Earlier in the year, there was an alleged bomb threat. “We as patrons wonder why we didn’t find out,” Green said. Graham told the board about the incident at the next meeting and accepted responsibility for not reporting it earlier.

Green suggested that the board conduct a survey of students, faculty and staff to determine “how they feel.”

Green’s presentation lasted about 12 minutes. Afterward, Street announced a short break while she met with others who wanted to speak.

The speakers included the following:

D.J. Hibberd. “This is public property and we have the right to speak. I have 10 children who have been in the Nashville district. As a person who has taken an oath to the Constitution, I have a right to speak. Any intimidation and retribution is unlawful. Current machinations will result in a drop in quality. The Nashville School District will answer to us. We are demanding transparency on a scale that will make most of you uncomfortable. We demand an independent review of any of the issues in the petition.”

Nashville Mayor Larry Dunaway – “After hearing [Green] and the gentleman, If any change is needed, so be it. We have to come together as a community and support this district. We can’t tear each other down on Facebook and expect to overcome the hurdles we’ll face in the near future [an apparent reference to the upcoming Husqvarna plant closure and ongoing efforts to find a new industry]. We have to be together. Come see me and let’s talk about it. We can agree to disagree. Come support each other.”

Johnny Wilson, NJHS math teacher, stadium voice of the Scrappers, radio voice of Scrapper baseball – “I have a different angle. In 1958, I came to the Nashville School District from Columbus and graduated in 1964. In 1970, I started working in the district. As of 3 p.m. today, I’m still working here,” he said to applause from the audience. “Our district has always been respected statewide. We’re not perfect … but we try to move forward. We’re on the cutting edge in curriculum, technology, facilities. Friends from other towns tell me they’re losing their school but Nashville still has it going. They ask what we do. I tell them we have tremendous community support. I tell them I work with great teachers. Kids come back and tell me they were ready to go to college. Never once in my time here have I asked for anything that I was denied. None of this happens without good, effective leadership. Our millage is 31 mills. We haven’t had an increase since 1991. Look at our facilities. We built this cafeteria, remodeled the high school, built the Arena, made improvements at the other buildings. I go to a lot of schools. We’re second to none. We have good audits. We have good financial management. I strongly support our administration.” Wilson received a standing ovation from many in the crowd.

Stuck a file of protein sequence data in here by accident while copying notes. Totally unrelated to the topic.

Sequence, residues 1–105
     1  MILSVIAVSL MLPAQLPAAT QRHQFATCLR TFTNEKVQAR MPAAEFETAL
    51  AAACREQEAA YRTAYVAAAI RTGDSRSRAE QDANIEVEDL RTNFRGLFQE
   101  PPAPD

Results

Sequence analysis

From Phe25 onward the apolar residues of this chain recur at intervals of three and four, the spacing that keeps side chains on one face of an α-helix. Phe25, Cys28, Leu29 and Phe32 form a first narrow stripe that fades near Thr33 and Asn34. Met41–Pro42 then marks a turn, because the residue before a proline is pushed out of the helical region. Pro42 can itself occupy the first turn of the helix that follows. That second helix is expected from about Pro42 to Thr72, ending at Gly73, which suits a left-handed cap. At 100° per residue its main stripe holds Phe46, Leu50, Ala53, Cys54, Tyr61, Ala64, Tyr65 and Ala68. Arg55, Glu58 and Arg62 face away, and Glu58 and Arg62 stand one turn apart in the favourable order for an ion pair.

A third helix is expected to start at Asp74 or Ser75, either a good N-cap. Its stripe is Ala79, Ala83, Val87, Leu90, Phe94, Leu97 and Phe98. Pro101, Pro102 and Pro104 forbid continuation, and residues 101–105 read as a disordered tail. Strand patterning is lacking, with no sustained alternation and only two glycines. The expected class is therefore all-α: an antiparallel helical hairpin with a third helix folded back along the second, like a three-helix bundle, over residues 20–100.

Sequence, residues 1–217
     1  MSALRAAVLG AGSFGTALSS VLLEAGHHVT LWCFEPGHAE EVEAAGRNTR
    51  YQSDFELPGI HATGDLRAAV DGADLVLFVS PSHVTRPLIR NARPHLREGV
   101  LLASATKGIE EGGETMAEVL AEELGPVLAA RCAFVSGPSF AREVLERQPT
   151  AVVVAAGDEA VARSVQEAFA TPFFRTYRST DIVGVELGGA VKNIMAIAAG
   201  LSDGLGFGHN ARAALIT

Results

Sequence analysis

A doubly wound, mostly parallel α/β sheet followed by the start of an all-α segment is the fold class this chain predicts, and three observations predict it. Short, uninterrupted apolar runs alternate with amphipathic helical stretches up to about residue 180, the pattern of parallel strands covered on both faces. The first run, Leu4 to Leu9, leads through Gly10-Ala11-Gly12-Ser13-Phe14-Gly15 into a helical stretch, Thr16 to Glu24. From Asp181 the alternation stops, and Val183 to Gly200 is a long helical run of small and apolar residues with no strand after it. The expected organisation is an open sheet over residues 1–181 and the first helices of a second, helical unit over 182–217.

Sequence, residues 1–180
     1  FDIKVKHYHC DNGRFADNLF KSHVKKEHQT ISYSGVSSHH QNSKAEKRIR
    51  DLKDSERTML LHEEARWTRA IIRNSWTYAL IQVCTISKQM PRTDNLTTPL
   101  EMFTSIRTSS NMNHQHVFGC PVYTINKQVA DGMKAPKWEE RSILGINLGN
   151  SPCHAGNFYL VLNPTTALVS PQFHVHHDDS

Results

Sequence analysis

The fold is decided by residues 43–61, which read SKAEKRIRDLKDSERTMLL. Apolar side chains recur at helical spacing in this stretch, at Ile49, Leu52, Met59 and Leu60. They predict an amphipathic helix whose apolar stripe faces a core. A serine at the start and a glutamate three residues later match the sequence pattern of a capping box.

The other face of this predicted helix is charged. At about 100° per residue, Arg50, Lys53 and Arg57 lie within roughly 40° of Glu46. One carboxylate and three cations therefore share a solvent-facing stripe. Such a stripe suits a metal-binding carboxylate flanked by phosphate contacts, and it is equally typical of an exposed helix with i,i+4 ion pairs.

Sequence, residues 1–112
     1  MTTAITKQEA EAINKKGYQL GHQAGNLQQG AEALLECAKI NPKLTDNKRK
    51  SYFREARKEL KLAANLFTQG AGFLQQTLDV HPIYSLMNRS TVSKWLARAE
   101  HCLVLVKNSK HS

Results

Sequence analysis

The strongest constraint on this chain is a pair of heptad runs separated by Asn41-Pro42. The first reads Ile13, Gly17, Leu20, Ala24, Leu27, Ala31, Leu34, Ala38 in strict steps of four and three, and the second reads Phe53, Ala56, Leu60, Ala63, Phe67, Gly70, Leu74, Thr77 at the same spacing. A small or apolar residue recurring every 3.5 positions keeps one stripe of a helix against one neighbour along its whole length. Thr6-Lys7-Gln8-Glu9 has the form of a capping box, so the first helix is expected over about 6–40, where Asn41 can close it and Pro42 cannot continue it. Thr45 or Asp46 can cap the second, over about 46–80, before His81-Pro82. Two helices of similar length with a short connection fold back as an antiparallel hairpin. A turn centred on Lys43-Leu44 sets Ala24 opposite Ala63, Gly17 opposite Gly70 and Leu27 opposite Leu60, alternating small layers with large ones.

Jamie Erby, former Scrapper – “There’s been a lot going on the last few months. Some are on this side; some on that side. I grew up here, graduated here, played sports here. I watched our facilities move up to first class. We’ve had no millage increase since 1991. That speaks volumes. Look at this cafeteria, the Arena, Scrapper Stadium. It doesn’t happen if you have ineffective leadership at the top. It doesn’t happen if the board is a bunch of yes men. Kids get free breakfast and lunch. They don’t pay for school supplies. There’s no new tax on us to make this happen. It’s all about our building administrators, teachers, kids. We need to pull together and stop bickering back and forth. Come together and reason this out. We are at risk of killing something precious. It takes many years to build something, but it can be torn down in seconds.”

Gunter wrapped up the 80-minute meeting. He told about visiting all four campuses and seeing examples of their students’ work. “I challenge everyone to take the time to thank a teacher. They don’t hear that enough, and they deserve to hear it.”